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Factors Influencing the Diffusion of the Internet in China: 1997-2001
Unformatted Document Text:  17 arbitrarily according to people’s registered permanent residence, so the proportion of urban population by itself could not represent the cosmopolitanism level. The high rate of population with higher education, average production capability (GDP per capita), income of whole population including those in rural area, and the procession of high-tech facilities (number of computers per 100 people) can portray the big picture of the cosmopolitanism level. In a developing country with more than 50% of population earning less than 2 US$ each day (World Bank, 1998), making ends meet is a major concern when individuals decide whether to adopt the Internet. The charge for an Internet connection comprises a phone connection fee and an Internet Service Provider (ISP) fee. CNNIC (Jan. 2002) statistics show that the majority of Internet users’ (51.4%) monthly expenditure was falling to between 50 and 200 RMB (around 6- 25 US$). A statistic from the Global Competitiveness Report shows that the average annual ISP for 20 hours of monthly Internet access in China is equal to 9.33% of GDP per capita. This is a significant expense compared with the same variable of 0.65% in the U.S. and 0.49% in Japan. It is within expectation that the income level is a key indicator of Internet diffusion and adoption, and it is natural that more expenditure on telecommunication corresponds with higher income. Only urban residents’ income level is significant in the model as a predictor of diffusion. Again, it suggests that cosmopolitanism is a significant predictor, since rural residents’ income is not a matching significant predictor on Internet population. Furthermore, the overall literacy rate is not a significant indicator to predict Internet diffusion, but the proportion of population with higher

Authors: Lin, Jia.
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17
arbitrarily according to people’s registered permanent residence, so the
proportion of urban population by itself could not represent the cosmopolitanism
level. The high rate of population with higher education, average production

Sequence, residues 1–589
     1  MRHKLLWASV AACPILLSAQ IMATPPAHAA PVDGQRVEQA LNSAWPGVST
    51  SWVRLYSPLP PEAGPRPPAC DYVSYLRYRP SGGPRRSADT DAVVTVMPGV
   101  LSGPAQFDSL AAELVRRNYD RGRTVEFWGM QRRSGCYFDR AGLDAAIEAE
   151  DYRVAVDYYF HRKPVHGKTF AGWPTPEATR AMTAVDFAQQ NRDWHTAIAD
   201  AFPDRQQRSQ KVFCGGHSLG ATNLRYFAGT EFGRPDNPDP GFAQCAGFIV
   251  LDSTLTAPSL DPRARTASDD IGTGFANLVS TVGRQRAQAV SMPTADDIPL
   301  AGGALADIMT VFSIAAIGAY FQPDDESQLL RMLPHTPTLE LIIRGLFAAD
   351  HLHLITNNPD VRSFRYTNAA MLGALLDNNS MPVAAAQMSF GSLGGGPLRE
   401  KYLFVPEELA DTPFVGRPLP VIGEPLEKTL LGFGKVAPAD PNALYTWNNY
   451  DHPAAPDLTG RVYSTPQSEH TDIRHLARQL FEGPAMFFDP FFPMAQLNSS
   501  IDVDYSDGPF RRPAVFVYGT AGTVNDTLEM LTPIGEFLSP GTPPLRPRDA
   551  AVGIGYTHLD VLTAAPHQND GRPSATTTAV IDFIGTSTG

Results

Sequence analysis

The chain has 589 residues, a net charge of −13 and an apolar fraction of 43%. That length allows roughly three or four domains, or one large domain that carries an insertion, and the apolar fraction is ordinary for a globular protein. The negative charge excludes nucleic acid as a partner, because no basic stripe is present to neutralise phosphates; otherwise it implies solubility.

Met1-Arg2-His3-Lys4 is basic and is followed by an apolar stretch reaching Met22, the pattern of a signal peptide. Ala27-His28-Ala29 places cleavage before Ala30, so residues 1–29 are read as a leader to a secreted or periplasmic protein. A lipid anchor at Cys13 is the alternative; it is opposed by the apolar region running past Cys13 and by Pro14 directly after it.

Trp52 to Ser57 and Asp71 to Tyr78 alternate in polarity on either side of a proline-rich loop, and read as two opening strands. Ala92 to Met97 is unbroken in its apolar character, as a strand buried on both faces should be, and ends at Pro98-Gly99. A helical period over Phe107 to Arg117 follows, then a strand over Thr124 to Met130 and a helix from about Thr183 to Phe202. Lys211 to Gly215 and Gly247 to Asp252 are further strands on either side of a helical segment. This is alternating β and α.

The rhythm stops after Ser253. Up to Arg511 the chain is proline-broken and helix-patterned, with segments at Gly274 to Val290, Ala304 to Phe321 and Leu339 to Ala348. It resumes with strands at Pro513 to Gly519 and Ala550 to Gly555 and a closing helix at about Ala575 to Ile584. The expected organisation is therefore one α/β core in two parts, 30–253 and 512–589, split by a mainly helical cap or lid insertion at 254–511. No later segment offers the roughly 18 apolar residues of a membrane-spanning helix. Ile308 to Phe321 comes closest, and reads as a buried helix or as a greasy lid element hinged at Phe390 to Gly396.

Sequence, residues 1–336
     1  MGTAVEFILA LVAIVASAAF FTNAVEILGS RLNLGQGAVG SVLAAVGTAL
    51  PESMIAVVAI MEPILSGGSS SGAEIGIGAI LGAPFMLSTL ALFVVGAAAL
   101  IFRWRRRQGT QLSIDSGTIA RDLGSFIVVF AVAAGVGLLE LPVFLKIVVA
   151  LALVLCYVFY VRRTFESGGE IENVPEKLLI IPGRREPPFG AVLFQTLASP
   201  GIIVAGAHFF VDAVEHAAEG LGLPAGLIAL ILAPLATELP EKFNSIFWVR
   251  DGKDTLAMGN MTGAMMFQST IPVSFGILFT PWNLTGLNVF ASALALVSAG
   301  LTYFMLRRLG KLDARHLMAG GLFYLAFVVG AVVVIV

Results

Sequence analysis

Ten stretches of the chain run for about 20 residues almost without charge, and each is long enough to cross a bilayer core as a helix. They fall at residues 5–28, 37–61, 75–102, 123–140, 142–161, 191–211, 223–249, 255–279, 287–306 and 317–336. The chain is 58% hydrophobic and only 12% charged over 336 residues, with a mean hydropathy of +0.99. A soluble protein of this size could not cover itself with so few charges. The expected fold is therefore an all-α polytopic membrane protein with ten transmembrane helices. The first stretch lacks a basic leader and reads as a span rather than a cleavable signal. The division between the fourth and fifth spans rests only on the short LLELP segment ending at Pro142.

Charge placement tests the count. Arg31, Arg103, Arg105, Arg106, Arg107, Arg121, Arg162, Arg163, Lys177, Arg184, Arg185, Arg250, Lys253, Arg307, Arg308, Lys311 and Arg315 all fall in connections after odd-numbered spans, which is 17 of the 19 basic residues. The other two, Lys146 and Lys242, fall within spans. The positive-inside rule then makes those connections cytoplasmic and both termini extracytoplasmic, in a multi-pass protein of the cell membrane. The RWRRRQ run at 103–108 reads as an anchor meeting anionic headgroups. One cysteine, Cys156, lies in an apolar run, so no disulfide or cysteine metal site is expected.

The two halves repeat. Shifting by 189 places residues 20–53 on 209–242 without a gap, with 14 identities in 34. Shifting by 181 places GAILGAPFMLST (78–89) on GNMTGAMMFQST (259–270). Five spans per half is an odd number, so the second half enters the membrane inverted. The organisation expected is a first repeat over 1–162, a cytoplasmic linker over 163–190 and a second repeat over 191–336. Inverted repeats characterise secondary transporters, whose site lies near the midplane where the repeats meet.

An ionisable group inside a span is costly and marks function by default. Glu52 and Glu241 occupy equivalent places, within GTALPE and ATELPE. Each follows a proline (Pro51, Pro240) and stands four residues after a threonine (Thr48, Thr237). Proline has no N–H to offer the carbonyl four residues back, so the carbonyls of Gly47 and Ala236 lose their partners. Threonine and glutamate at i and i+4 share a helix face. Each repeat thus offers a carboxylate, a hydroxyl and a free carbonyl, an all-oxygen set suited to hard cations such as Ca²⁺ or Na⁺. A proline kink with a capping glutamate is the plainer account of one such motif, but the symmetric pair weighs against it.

capability (GDP per capita), income of whole population including those in rural
area, and the procession of high-tech facilities (number of computers per 100
people) can portray the big picture of the cosmopolitanism level.
In a developing country with more than 50% of population earning less
than 2 US$ each day (World Bank, 1998), making ends meet is a major concern
when individuals decide whether to adopt the Internet. The charge for an Internet
connection comprises a phone connection fee and an Internet Service Provider
(ISP) fee. CNNIC (Jan. 2002) statistics show that the majority of Internet users’
(51.4%) monthly expenditure was falling to between 50 and 200 RMB (around 6-
25 US$). A statistic from the Global Competitiveness Report shows that the
average annual ISP for 20 hours of monthly Internet access in China is equal to
9.33% of GDP per capita. This is a significant expense compared with the same
variable of 0.65% in the U.S. and 0.49% in Japan. It is within expectation that the
income level is a key indicator of Internet diffusion and adoption, and it is natural
that more expenditure on telecommunication corresponds with higher income.
Only urban residents’ income level is significant in the model as a
predictor of diffusion. Again, it suggests that cosmopolitanism is a significant
predictor, since rural residents’ income is not a matching significant predictor on
Internet population. Furthermore, the overall literacy rate is not a significant
indicator to predict Internet diffusion, but the proportion of population with higher


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